FedEx Crash Investigation Underway

TOKYO (AP) - Investigators hauled away charred wreckage and
planes began to land again Tuesday morning on the main runway of
Japan's largest international airport, where a day earlier a FedEx
cargo flight crashed and exploded, killing its two pilots.

About 170 workers labored Monday night under giant construction
lights to clean up the scene and remove the remnants of the MD-11
cargo plane, pieces of which were put onto large flatbed trucks and
moved to a spot about 1,000 feet (300 meters) away for

The runway was declared fit for use by airport officials and
officially reopened at 9:10 a.m. Tuesday.

The plane's "black box" data recorder and cockpit voice
recorders have been recovered and the data seems to be usable,
according to Transport Ministry spokesman Michinobu Osuka.
Officials from the U.S. National Transportation Safety Board were
expected to arrive in Tokyo on Tuesday afternoon to assist in the
investigation, he said.

A team of officials from FedEx Corp. landed in Tokyo on Tuesday
morning to take part in the investigation. William Margaritis,
senior vice president of communications, told reporters at the
airport it was too early to speculate on what caused the accident.

"We have a team of experts here to work closely with our folks
here in Japan, and with the government authorities, to get all the
necessary information about the incident, and we're going to spend
as much time as necessary until we get to all the issues and the
facts and the information that we need," he said.

The first fatal crash at Tokyo's Narita airport left a scorched,
debris-strewn trail down the longer of its two landing strips,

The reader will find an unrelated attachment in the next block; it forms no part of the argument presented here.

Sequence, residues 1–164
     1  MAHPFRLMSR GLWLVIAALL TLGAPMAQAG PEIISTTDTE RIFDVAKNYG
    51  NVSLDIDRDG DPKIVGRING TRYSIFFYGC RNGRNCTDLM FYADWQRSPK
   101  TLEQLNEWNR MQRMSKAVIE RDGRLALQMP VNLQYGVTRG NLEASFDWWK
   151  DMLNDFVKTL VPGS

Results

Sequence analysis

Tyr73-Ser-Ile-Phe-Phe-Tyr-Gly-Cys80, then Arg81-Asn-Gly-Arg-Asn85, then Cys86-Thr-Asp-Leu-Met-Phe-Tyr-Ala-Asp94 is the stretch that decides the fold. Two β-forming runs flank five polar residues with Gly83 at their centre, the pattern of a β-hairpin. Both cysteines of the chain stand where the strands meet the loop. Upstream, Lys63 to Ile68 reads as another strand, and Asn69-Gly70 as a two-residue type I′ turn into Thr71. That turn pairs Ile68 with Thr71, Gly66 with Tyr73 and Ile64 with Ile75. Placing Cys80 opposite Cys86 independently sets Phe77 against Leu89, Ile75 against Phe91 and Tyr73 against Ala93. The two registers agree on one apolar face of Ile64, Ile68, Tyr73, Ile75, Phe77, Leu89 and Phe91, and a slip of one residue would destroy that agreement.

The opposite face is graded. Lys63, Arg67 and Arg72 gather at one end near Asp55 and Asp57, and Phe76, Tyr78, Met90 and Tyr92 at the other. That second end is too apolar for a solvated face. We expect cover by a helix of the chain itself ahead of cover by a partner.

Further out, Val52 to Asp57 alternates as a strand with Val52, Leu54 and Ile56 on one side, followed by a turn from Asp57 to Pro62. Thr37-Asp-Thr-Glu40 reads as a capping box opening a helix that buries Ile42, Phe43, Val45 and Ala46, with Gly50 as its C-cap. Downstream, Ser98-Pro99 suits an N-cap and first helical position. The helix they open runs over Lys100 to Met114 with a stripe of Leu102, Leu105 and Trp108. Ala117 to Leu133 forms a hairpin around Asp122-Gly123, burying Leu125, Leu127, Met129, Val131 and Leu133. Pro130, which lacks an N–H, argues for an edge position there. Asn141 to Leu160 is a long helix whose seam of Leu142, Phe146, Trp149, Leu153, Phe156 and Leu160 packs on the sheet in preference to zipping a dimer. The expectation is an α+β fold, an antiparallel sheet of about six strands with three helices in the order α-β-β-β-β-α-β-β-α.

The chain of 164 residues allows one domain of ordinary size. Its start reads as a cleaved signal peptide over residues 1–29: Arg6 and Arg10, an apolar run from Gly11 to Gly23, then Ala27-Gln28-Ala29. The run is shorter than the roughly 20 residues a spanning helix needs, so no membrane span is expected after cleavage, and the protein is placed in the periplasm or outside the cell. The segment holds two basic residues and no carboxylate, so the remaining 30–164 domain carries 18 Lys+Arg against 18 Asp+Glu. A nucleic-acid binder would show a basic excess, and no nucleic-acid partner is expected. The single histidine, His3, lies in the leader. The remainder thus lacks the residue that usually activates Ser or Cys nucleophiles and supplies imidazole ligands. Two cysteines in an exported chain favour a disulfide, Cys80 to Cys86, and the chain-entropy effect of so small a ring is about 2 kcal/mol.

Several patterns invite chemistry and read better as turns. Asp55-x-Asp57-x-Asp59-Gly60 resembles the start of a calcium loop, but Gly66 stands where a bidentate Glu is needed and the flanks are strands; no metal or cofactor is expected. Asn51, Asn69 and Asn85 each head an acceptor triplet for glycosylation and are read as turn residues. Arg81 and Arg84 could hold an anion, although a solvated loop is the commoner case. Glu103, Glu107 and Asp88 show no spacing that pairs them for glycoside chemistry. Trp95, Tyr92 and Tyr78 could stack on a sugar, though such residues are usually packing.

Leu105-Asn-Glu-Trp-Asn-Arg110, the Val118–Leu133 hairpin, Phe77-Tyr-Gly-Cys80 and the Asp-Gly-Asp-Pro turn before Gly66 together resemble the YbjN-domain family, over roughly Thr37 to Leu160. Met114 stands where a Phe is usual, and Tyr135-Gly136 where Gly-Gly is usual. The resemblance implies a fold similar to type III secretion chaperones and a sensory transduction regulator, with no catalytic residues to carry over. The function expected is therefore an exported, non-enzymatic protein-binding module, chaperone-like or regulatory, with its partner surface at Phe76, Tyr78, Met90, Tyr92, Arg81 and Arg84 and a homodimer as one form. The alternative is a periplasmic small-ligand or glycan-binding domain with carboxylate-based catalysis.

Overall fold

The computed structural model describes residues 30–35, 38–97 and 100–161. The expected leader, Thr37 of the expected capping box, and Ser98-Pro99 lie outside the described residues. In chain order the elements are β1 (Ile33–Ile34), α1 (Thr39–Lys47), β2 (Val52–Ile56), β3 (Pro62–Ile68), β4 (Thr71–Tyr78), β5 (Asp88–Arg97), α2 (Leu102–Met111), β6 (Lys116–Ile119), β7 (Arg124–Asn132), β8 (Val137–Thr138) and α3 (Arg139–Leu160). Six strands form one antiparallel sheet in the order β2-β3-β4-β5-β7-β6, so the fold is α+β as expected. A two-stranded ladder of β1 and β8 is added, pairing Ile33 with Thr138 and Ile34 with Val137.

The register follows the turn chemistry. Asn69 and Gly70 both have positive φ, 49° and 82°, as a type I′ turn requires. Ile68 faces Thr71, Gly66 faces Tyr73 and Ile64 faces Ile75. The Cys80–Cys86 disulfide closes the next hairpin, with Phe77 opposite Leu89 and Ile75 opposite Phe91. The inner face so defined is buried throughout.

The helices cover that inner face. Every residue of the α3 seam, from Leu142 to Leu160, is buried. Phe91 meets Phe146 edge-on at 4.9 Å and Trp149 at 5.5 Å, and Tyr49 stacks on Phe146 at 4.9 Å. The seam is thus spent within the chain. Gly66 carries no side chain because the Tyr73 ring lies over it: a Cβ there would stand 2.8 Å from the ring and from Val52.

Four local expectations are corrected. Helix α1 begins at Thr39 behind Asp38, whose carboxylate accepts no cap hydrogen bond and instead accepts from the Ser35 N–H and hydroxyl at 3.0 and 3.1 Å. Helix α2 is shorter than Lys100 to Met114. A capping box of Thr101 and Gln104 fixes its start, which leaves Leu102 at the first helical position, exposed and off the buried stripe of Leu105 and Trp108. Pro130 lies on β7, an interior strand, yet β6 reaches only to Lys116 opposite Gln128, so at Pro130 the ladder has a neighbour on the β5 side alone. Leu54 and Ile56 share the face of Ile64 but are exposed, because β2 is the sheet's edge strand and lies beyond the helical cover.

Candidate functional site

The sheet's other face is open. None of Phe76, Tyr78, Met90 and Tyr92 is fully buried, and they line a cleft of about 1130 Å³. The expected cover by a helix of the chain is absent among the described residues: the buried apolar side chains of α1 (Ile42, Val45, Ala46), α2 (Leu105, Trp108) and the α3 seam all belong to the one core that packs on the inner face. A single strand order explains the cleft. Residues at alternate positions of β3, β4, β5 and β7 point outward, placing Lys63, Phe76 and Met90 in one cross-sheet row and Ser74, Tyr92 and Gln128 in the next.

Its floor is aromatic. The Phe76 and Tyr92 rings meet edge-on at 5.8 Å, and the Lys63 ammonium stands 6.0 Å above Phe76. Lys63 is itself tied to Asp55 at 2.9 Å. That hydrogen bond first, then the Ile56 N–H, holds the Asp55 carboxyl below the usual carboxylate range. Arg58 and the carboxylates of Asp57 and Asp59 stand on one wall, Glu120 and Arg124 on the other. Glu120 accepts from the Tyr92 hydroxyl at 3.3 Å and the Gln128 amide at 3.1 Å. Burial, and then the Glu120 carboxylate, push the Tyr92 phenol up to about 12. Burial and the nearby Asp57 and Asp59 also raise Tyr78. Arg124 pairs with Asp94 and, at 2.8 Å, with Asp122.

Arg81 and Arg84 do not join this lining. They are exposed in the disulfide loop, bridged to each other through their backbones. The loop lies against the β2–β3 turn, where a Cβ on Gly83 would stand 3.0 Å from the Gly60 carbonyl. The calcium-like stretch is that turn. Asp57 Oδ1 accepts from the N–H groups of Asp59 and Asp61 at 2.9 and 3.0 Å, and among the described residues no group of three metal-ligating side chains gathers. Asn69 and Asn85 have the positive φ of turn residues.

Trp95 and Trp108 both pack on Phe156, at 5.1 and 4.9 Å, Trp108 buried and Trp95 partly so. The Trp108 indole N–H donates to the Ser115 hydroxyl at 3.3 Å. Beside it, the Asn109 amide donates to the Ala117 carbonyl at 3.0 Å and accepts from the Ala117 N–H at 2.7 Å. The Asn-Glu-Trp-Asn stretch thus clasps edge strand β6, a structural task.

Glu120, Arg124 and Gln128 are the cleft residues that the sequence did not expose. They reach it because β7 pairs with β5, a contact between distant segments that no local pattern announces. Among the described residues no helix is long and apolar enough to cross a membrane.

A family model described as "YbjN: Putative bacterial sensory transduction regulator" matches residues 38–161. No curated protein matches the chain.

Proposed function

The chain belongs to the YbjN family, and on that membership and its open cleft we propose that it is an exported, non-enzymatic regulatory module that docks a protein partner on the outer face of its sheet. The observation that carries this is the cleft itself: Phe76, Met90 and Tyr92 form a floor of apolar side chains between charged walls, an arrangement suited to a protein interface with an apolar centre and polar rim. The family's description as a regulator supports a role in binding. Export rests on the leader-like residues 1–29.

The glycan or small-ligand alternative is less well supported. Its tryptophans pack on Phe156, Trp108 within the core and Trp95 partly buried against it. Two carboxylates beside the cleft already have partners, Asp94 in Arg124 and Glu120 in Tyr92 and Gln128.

which remained closed for about 27 hours after the crash. The
American pilot and co-pilot - Kevin Kyle Mosley, 54, and Anthony
Stephen Pino, 49 - were killed.

Dozens of flights were canceled or rerouted, and at least 10,000
passengers were affected. About 500 spent the night at the airport,
according to spokeswoman Misuho Fukuda.

In video footage, the plane appeared to bounce on its landing,
slamming down, veering sharply to the left and then exploding into
a fireball as it flipped and skidded to a halt in a grassy strip
next to the runway. It was arriving from Guangzhou, China, where
last month FedEx opened a new $150 million operations hub for the
Asia-Pacific region.

It was the first fatal crash in the company's 37-year history,
according to U.S. FedEx spokesman Maury Lane.

Investigators have said the accident may have been caused by
low-level turbulence or "wind shear," sudden gusts that can lift
or smash an aircraft into the ground during landing.

Some pilots have also said the MD-11 can be difficult to handle.
The plane, which has been largely retired from passenger service
because of the introduction of more economical planes, has been
involved in previous accidents in which it flipped while landing.

The plane had had no fatal crashes since 1999.

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